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>> susie: family firms generally start small and often grow over time. one example is a greeting card business that started in kansas city a hundred years ago. now, it's a household name-- hallmark. today, the company has more than 13,000 employees, and it's still run by the hall family. as diane eastabrook reports, the halls' emphasis on constant change has kept hallmark a market leader. >> reporter: when you see the name "hallmark," this is what you think of. >> happy birthday. >> reporter: hallmark is known worldwide for greeting cards, wrapping paper, holiday ornaments, and in the u.s., a television network. but less known is the family behind the kansas city-based firm. donald hall, jr., is the third generation to run hallmark. while touring the company museum, he told me what's kept the iconic company around for so long. our creativity, our innovation, and constant change.
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>> reporter: it all started in 1910 with j.c. hall, an ambitious nebraska teen who came to kansas city to sell postcards. when the postcard fad fizzled, j.c. turned to greeting cards and an empire was born. hall was a shrewd businessman who licensed works by walt disney and norman rockwell. he was also an innovator, who invented tiered card displays still used today. in the second half of the 20th century, j.c.'s son donald expanded hallmark, buying the crayola brand and branching into television. today, hallmark is a $4 billion privately held company with more than 13,000 employees. don jr., and his brother david are carrying it into the 21st century, and they see as much opportunity for hallmark now as their grandfather did 100 years ago. >> people are separated from distance more. they're busier. so the opportunities for real human connection is more challenging.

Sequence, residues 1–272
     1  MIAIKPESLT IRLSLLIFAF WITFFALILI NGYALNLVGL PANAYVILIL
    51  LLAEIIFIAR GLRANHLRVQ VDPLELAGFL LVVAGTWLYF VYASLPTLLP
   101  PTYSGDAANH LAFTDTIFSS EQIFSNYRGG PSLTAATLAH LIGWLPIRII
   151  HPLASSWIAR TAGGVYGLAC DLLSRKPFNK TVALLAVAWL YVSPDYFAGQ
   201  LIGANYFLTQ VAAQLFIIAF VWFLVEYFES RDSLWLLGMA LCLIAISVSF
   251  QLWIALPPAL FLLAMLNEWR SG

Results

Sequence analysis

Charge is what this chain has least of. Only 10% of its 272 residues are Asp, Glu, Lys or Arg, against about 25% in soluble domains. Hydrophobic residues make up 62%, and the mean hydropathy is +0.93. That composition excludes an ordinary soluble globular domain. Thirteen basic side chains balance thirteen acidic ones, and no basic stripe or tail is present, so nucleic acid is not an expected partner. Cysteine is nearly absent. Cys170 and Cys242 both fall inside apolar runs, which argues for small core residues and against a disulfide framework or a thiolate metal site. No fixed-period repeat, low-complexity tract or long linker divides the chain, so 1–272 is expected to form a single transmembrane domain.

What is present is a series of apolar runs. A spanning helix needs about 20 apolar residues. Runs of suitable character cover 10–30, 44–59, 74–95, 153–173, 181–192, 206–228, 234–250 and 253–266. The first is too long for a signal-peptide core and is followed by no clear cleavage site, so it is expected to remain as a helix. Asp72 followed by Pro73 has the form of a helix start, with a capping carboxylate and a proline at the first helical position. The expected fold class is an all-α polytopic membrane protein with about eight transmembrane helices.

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if you think about how often you have the need to connect with others, it's almost a limitless arena. >> reporter: with more people connecting through the internet, hallmark has embraced technology, offering greeting cards on-line and over handheld devices. recordable books are becoming some of its hottest sellers. >> this is the story of impossible things... >> reporter: to stay connected to customers, the halls stay closely connected to their business. >> when you press jingles ear, you'll hear a bell. >> reporter: david often meets with product designers. on this day, he's being updated on a new interactive plush toy that can link to apple's ipad. >> ruff, ruff. >> cute, that's very fun. >> reporter: at hallmark, the employees are as much a part of the hall family as the halls themselves. that's because the family credits all 13,400 with making the company the success that it is, and if you look at this banner behind me, you'll see the names of every single one.
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>> hi. how are you doing? >> reporter: don stays connected to employees through monthly c.e.o. forums which let workers ask questions about the company. >> how does everyone see christmas 2010 shaking out? two weeks ago, over the weekend, we had the ornament debut, and that was not as successful as we wanted it to be. i think this is a great way to foster dialog. it's a great way for me to collect information and get a broad view of business. we believe very strongly that culture drives behavior and behavior drives results. >> reporter: culture also drives continuity at hallmark. many so-called "hallmarkers" have worked here for decades. craig lueck has been an illustrator for 27 years. >> even though it's so huge, it still has that sort of intimate more family feel to it. we have deadlines, but there seems to be time to keep refining the craft and the skills.
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>> reporter: the halls say keeping hallmark family-owned lets them focus on customers, rather than profits. and they think that could keep this company around for their grandchildren to run. >> this brand is in the business of needs that will be around in a hundred years and we know that, yeah. >> tom: that's it for this special edition of "nightly business report." i'm tom hudson. good night, everyone, and good night to you, too, susie. >> susie: good night, tom. i'm susie gharib, good night, everyone, and thanks for watching. "nightly business report" is made possible by: pm÷ investing, it comes from navigating up and down markets for 60 years, spotting opportunities at home, and abroad. global investing from franklin templeton investments, gain from our perspective. >> and by exxon mobil. this program
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this program was made possible by contributions to your pbs station from viewers like you. thank you. captioning sponsored by wpbtl@' captioned by media access group at wgbh r to order this dvd, call 1-800- play-pbs or visit online at >> be more.